The practice’s integration of intraoral scanning technology naturally led to the purchase of two 3D printers—one EnvisionTEC, and one Juell—and further evolution of the practice’s digital workflow. Today a patient treated with braces is scanned immediately after debond and a 3D model then printed in-house; a retainer is produced the same day. With that data on file, the practice can easily fabricate a replacement retainer without a visit for an impression. In addition, 3 years ago, Spillers Orthodontics started using their 3D printers to print in-house aligners for the treatment of some minor cases—those requiring less than 10 aligners. For those requiring more aligners, the practice continues to treat with Invisalign clear aligners.
As Spillers sees it, producing in-house aligners allows the practice to compete with the direct-to-consumer (DTC) aligner companies flooding the market. With its own in-house lab and dedicated full-time lab tech, Spillers Orthodontics avoids the lab fees that would otherwise drive up costs for the patient requiring minor treatment, allowing the practice to compete with DTC aligner companies that benefit from the margins of having their own labs. Consumers can then weigh the cost of orthodontic treatment from a DTC company or an orthodontist, and opt for the orthodontist who can provide more thorough care.
“For us, it’s about customer service. The patient is getting good care when they’re able to see a doctor and be checked before any tooth movement is started—and when we are able to be competitive on price,” says Spillers, adding that his doctor-made aligners are now branded “SO Clear Aligners” for Spillers Orthodontics, with catchy phrases printed on the aligner packaging playing off the “SO” initials— “SO Fast, SO Affordable, SO Beautiful, SO You!”
The opportunity to attract these patients also means Spillers is able to better educate them on orthodontic treatment and the orthodontist’s role. “If they get in here, we’re able to use the iTero scanner to scan them and show them their bite. We show them we need to do more than fix their front four teeth. If you don’t offer at the price point the patient thinks they’re looking for, how are you going to get the opportunity to educate them? I think it’s a mistake to just say, ‘Well, let them go somewhere else.’”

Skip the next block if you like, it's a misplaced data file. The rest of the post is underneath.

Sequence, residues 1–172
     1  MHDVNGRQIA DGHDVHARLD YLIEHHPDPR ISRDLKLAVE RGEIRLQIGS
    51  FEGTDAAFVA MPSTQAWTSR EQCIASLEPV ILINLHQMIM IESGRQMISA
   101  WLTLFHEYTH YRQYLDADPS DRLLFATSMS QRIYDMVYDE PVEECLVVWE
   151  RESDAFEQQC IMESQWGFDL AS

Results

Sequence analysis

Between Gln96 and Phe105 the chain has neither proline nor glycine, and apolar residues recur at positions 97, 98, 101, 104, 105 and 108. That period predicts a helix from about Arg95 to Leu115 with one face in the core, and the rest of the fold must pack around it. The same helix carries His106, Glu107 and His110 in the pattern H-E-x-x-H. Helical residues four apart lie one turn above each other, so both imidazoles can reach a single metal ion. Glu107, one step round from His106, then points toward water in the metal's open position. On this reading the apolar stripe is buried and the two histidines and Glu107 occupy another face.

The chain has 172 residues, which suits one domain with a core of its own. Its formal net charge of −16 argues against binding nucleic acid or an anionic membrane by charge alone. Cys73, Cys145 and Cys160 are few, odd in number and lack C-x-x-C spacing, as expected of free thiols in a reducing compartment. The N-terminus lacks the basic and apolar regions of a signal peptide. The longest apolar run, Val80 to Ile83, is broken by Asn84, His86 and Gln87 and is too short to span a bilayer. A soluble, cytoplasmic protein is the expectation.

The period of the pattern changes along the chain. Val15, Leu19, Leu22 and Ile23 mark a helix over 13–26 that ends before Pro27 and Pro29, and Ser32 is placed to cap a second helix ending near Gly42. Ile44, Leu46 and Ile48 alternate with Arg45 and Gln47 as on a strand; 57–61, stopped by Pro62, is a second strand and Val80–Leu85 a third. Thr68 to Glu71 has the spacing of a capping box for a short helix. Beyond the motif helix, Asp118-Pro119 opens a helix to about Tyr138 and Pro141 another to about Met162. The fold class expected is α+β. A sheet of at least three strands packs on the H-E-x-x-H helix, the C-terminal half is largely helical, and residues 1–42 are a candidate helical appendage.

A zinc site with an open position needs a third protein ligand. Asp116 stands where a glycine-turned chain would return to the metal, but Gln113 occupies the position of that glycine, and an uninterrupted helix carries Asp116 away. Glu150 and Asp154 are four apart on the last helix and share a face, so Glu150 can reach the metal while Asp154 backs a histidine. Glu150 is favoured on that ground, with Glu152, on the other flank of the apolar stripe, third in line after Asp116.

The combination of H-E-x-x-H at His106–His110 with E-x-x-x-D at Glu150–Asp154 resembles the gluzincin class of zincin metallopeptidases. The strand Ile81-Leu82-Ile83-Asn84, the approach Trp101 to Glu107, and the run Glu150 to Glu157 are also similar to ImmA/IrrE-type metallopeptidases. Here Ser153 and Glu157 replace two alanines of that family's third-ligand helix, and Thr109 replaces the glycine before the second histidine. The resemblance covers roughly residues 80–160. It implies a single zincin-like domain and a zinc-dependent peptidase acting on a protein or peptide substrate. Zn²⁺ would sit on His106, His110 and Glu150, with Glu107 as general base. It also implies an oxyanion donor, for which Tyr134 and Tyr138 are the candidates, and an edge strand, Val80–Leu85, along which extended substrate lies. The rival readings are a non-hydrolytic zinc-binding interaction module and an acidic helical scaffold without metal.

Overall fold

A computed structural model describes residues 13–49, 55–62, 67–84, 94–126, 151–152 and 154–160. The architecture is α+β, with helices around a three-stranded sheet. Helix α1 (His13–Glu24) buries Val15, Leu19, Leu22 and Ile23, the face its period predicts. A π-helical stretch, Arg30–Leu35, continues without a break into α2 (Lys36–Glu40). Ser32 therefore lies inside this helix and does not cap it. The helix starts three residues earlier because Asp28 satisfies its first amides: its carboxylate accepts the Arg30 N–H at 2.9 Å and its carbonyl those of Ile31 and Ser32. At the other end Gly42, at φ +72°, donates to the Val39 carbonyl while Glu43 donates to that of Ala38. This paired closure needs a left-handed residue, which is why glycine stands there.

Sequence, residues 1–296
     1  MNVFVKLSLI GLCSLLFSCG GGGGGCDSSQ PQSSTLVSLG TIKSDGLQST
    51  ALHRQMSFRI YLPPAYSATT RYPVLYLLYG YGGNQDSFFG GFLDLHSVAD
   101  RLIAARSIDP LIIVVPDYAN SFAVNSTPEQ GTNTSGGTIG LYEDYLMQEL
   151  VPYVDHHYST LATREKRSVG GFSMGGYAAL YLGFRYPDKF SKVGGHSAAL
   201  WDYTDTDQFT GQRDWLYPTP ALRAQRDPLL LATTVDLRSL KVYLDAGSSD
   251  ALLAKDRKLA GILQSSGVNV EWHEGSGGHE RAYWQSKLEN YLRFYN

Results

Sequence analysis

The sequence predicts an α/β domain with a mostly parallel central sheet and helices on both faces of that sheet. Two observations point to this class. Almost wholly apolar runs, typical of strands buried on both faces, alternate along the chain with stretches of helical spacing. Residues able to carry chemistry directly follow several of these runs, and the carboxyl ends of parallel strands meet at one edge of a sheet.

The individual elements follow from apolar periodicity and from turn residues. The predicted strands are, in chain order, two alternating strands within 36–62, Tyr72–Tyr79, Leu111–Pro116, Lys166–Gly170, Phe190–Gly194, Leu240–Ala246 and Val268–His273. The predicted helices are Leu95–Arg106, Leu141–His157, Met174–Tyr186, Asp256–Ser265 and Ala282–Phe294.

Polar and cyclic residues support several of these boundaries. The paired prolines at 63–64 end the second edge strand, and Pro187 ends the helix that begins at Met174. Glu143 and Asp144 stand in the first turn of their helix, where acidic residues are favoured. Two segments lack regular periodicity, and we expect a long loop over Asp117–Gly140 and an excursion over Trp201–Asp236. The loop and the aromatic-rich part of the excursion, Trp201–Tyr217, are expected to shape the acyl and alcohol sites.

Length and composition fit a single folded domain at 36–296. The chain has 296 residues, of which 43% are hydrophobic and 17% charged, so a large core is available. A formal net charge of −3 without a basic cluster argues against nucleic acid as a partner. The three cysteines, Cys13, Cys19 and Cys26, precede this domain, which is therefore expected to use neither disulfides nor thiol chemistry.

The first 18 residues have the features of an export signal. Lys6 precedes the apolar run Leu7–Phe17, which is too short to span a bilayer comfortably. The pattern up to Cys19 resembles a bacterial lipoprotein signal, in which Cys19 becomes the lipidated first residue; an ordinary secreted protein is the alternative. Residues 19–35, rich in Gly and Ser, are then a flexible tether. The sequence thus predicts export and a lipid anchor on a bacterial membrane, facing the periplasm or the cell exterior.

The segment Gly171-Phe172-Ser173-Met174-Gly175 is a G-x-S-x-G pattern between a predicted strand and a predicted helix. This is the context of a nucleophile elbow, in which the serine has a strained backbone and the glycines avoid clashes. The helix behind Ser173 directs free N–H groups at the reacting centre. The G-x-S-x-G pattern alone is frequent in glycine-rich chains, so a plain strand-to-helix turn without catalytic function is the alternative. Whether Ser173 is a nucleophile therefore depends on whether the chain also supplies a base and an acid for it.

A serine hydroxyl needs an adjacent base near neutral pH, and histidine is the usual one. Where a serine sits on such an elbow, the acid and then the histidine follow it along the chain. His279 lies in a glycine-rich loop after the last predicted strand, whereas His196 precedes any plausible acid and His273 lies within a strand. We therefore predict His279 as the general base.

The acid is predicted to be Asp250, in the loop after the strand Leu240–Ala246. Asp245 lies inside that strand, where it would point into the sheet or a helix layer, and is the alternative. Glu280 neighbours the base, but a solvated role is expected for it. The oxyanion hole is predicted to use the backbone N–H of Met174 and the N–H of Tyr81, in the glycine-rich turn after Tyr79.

The next phase of the practice’s digital workflow is the introduction of Dental Monitoring to help reduce the number of observation appointments for their aligner patients. The remote dental monitoring app not only cuts down on the number of appointments for local patients who live more than 30 to 40 minutes away, but it also allows the practice to continue to treat patients away at college or working/living overseas part of the year. “Digital technology has really enabled that. It’s really made it easier on the patient because there’s nothing for them to have to worry about if they’re going to be away for 6 months. With Dental Monitoring, we’re checking on them every week; we’re actually seeing their teeth more than we would if we were seeing them every 12 weeks which is our normal schedule.”
Spillers admits he struggled with the technology in the beginning. He was stuck on the idea that as the doctor, the patient wants to see him. “But if you go back and ask the question: Do they really want to see us? They want our experience. They want our input into their case. They want us to make sure they have a nice result. They want us involved. But does that mean they want to see us every 4 weeks or every 3 to 4 months? At the end of the day, it doesn’t really matter what I want. It matters what the patient wants.”
And that has been the through-line at Spillers Orthodontics—no more so than in the last decade as the practice has leaned heavily into the technology shaping the field. The patient experience comes first and how the patient benefits from the technology—whether an intraoral scanner, in-house 3D printing capabilities, or a remote monitoring app—is what matters most to the practice’s success. OP
Alison Werner is chief editor of Orthodontic Products.